|Genre: Survival Horror/First-Person Shooter|
|Platform(s): Xbox 360, PC|
|Intelligence Agency Report by: Dante|
|Two weeks after a deadly infection ravages part of the world, four survivors who came out of it immune must battle their way through hordes of the infected, fighting for their lives . Some of what they encounter doesn’t even seem human anymore. In this world, guns are your best friends and time is your bitter, bitter enemy.|
|Weapons Expert Report by: Dante|
|(not an average)|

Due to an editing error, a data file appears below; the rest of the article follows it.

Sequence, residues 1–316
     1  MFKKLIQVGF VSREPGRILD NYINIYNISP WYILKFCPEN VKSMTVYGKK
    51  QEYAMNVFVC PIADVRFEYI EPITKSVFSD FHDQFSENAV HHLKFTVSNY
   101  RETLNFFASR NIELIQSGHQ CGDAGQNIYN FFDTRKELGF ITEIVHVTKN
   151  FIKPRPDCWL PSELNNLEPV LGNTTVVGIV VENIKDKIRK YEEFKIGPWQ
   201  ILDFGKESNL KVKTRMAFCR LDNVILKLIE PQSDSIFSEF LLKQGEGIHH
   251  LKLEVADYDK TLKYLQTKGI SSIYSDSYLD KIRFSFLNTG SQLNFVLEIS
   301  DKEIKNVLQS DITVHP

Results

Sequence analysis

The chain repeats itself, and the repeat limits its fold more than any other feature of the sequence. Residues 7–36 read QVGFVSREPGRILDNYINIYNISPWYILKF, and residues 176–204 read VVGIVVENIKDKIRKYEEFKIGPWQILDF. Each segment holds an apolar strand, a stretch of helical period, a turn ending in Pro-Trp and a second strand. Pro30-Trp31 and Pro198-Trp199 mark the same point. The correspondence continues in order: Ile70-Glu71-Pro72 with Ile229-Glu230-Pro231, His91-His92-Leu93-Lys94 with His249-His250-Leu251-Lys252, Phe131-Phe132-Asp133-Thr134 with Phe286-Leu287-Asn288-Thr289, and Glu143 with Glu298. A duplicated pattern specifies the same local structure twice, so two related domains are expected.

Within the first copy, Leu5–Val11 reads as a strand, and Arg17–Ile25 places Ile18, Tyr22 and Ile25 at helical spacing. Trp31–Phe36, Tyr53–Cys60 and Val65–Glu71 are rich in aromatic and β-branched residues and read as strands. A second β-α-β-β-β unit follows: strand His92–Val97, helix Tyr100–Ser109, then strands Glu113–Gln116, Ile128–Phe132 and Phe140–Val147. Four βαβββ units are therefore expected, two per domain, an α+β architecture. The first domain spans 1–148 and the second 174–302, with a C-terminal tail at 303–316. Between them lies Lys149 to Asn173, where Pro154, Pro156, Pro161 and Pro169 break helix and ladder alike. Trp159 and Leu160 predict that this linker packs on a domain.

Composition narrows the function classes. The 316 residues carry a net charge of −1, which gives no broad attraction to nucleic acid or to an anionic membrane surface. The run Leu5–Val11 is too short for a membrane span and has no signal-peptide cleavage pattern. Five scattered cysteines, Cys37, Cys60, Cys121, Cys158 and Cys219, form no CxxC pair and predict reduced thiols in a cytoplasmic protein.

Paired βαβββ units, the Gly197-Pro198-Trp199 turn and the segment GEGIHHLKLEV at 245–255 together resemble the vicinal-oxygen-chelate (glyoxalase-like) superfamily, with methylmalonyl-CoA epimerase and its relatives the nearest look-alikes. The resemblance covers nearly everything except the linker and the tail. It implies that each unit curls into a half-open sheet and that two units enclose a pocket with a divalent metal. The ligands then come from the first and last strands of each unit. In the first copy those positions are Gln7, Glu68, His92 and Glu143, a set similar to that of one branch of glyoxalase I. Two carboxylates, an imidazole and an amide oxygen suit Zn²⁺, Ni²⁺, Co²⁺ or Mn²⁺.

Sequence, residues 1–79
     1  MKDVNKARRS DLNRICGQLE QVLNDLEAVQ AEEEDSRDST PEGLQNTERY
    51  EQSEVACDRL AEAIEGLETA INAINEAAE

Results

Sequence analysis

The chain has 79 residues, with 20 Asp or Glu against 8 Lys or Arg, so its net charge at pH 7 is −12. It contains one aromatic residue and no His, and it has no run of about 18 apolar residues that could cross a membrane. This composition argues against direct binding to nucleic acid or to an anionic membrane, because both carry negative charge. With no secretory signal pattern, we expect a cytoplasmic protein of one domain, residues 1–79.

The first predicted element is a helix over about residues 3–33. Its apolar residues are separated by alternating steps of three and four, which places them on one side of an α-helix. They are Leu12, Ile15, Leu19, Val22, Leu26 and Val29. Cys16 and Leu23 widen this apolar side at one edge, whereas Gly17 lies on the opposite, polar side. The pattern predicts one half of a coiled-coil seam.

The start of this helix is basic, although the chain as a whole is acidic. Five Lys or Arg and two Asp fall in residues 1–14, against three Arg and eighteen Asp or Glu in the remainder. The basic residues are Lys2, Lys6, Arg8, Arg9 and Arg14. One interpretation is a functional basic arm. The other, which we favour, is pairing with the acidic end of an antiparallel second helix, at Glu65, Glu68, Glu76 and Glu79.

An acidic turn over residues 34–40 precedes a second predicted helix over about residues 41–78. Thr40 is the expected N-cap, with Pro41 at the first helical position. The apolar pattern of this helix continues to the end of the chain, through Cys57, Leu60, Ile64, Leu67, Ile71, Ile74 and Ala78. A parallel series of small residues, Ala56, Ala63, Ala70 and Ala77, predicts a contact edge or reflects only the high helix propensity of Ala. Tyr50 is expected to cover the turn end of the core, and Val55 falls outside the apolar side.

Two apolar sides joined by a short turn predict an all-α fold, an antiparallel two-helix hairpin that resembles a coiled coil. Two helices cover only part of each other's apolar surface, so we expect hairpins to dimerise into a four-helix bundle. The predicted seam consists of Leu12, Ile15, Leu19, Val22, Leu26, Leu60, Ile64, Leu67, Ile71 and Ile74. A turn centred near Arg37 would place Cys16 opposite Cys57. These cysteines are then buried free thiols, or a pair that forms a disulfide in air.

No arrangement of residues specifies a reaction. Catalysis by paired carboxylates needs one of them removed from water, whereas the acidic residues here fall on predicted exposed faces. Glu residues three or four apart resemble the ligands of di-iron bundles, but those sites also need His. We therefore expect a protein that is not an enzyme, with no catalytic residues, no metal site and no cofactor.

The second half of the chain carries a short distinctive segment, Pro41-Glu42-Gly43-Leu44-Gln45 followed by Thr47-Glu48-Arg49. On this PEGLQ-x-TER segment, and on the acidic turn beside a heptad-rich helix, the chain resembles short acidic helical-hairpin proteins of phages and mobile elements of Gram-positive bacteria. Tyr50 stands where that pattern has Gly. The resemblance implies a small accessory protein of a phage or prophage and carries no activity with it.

|Version Reviewed: Xbox 360 Left 4 Dead is one of the few survival horror games I’ve actually managed to play through from beginning to end, and the only one I’ve played through more than once. I’m the kind of person who tends to shy away from survival horror games. I admit, I scare easily. But Left 4 Dead is different than the norm. With its main focus being co-op, you’re never really alone (unless your teammates have all died, that is). It’s quite a bit easier to fend off hordes of the undead with three friends at your back. The witty quips of the characters also help to lighten the mood, be it Francis’ blatant hatred towards everything except vests, Bill’s war talk and jokes about the “Great Zombie Attack of ’57”, Louis’s comparing the fight against hordes of zombies to playing Counter-Strike, or Zoey’s nonsensical rants. There’s a little something for everyone as far as character personalities go.